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Football and Raising Kidz?

Posted by Mylove on Mon, 01/28/2008 - 09:01

Many a-times, growing up, all i could ever hear and feel were the loud criticisms and equally resounding spanking from my folks lips and hands. Thus i grew up feeling unappreciated and unloved.

Ghanaians are treating the blackstars the same way they treat their children ... with no regard for the psycological implications of their actions. lets learn to praise our kids even when they fail or do not meet our expectations.

Letta to Osagyefo - our business is coming of age

Posted by Nwia on Thu, 01/24/2008 - 13:53

Hey Osagyefo,

Football is such a beautiful sport, is it not? The excitement level at which my last letter came to you has stepped up a few notches. Football is so beautiful that it even drives political opponents to shut their beaks and support the same team. Only God knows what would be happening in Kenya if the Harambee Stars were at the African Cup of Nations in Ghana. Don't you think the youth would sit glued to their televisions instead of running around burning down churches and killing people? Football is uniting many people and African businesses are buying into this unity.

Imagine the excitement MTN is having at their offices across Africa. MTN is the title sponsor of the Cup of Nations and so everywhere you go, MTN is there. Check out their marketing slogans - There is no stopping you, GO!; GO be part of a bigger family; GO make that call; GO stand out; GO be famous. No wonder the unofficial rallying cry for your Black Stars is GO, Black Stars, GO! MTN has a football website dedicated to African football, they are the title sponsor of the African clubs Champions league, and they have African entertainment websites. Let's just say the believe in Africa. How can't you love them?

Yesu wo m'afa - ensuring that our prayers are answered

Posted by abocco on Mon, 01/21/2008 - 16:35 GhanaThink Managing Executive

...Sounds on da ground and seens on the see-ins

After seeing my favorite Black Stars agonisingly hit the goal post three times in the opening game of CAN 2008 and remain deadlocked with Guinea, I began wondering if this victory was to be. We finally scored and then the Syli Nationale replied almost immediately. Just when I was about to give up, Sulley Muntari produced a moment of magic two minutes to time and scored the winner. Ghana's biggest newspaper, the Daily Graphic, said sometimes one is tempted to believe that God is a Ghanaian. Apparently, God was on our side, and Esther Smith would agree with her song 'Yesu wo m'afa'. No matter how many heartbreaking missed chances we suffered, we would win in the end.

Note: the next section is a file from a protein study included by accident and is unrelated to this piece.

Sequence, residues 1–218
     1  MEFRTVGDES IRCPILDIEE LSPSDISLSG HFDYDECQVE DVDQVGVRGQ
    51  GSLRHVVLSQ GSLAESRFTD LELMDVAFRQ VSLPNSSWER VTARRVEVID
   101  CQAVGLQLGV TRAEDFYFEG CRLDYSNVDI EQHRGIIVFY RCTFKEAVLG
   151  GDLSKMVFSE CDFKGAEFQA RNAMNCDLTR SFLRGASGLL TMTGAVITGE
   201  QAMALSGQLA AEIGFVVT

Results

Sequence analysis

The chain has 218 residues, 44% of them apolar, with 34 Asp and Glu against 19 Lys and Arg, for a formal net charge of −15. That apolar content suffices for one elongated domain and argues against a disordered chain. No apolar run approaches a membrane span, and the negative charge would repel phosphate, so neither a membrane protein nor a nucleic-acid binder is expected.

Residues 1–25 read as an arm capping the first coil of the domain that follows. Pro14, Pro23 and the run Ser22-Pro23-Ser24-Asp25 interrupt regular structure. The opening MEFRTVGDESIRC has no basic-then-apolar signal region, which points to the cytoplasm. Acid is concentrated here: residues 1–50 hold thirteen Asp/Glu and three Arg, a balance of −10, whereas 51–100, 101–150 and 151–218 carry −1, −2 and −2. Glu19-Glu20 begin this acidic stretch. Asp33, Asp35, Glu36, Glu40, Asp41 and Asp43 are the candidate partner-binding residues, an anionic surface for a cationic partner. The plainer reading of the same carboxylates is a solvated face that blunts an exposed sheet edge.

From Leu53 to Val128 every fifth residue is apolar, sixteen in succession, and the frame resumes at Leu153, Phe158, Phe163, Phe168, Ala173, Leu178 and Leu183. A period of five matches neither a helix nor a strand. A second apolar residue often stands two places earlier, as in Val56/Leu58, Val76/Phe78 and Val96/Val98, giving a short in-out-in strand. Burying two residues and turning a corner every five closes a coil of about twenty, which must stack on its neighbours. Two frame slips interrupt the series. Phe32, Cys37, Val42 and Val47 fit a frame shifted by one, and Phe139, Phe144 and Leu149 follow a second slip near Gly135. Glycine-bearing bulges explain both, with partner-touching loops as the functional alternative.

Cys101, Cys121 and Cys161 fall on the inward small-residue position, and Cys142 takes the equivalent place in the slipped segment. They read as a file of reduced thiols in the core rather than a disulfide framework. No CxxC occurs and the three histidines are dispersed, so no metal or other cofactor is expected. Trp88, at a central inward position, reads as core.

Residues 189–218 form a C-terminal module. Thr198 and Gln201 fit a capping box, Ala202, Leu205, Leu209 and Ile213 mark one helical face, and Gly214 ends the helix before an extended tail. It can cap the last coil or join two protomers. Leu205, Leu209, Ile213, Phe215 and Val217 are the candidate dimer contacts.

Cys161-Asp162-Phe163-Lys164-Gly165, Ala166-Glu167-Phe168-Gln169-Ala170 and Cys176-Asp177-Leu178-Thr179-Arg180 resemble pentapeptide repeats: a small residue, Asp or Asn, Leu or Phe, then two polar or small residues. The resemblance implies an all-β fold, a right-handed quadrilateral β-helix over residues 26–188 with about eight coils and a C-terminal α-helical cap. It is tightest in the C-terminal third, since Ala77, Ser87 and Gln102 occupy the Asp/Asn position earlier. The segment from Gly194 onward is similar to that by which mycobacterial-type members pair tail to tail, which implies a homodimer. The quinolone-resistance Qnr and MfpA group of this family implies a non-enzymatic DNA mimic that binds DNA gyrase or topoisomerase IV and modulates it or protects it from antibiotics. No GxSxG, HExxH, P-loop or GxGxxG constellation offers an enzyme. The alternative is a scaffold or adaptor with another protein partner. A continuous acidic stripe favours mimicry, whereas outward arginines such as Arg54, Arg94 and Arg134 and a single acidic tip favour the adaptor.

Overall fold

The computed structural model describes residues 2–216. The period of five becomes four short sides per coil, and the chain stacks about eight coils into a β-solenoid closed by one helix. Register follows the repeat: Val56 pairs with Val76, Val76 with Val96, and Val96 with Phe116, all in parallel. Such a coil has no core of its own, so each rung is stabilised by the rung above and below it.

A Moment Of Truth For Africa..By P E Adotey Addo

Posted by osofoaddo on Sun, 01/20/2008 - 19:46

The violence that rocked the world
Reached horrific levels resulting everywhere
With loss of children, women, and men for days
Burned in a church as they were seeking sanctuary
And sanctuary was denied
In flames by mobs infuriated by votes.
The innocent victims faced their rage
Seeking help from locked doors and homes ending
As charred bodies and trash in the once silent streets
No water from kinfolks and no food from neighbors
With nothing gained to be sure.
Only we can save ourselves from this rage

Dedicated to those who lost their lives in the post Election Riots, Jan .2008

Letta to Osagyefo - Sharing passions in the centre of the earth

Posted by Nwia on Fri, 01/18/2008 - 18:33

Hey Osagyefo,

It is with much excitement that I dismiss dis missive to you. That's why I like you Kwame, even when my English is sketchy, you can sketch what I want to say in your medulla oblongata. :-) The 26th African Cup of Nations begins in your homeland on Sunday and is the source of my excitement. Allow me to be late to congratulate you on your shepherding Ghana's Africa Cup of Nations triumphs in 1963 and 1965. You are really great, all the tournaments that Ghana took part in your tenure as president resulted in glory and more glory.

Emotional Well-Being. By Rev Peter Addo

Posted by osofoaddo on Thu, 01/17/2008 - 21:40

Stress and anxiety
Seasonal affective disorder
Bipolar disorder.
All brought on by Darkness
And disorder.
Thinking of the many hassles
In finding effective therapy